Training facilities and rehabilitation clinics are sometimes equipped with equine swimming pools. Swimming allows horses to move strongly enough to get an aerobic workout while avoiding the joint concussion normally associated with weight-bearing exercise.
Some horses have developed colic signs after swimming. A study at the University of Melbourne looked at the frequency of colic cases associated with swimming. For the purposes of this study, a colic case was seen as associated with swimming if the horse showed colic signs within 30 minutes after leaving the swimming pool. When the researchers analyzed colic cases treated at one large equine hospital, results showed that only one out of every 1,200 colics during the three-year study period was considered to be swimming-related. Prognosis was good for all affected horses, and all recovered, although five horses required surgery.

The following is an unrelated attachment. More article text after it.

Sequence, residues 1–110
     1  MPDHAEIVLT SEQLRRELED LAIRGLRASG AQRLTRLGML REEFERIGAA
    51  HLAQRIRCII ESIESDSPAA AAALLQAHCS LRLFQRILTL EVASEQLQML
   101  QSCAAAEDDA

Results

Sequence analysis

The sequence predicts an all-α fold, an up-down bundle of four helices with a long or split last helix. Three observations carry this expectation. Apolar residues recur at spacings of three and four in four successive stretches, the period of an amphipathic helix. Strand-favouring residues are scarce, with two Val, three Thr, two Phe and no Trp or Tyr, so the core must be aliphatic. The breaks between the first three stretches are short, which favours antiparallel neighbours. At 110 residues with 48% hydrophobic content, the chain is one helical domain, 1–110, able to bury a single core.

When the researchers studied records from three more equine hospitals, they analyzed 21 additional swimming-associated colics that required surgery. One horse was euthanized after surgery but the others survived, and 18 of the 21 went on to race.
It is difficult to say that swimming absolutely did or did not cause colic signs in any of these horses. There are many types and multiple causes of abdominal pain in horses, and it is possible that swimming increases the risk in some horses at some times. Owners and managers should be aware that colic is common in the general equine population, and should contact a veterinarian any time a horse shows signs of abdominal discomfort.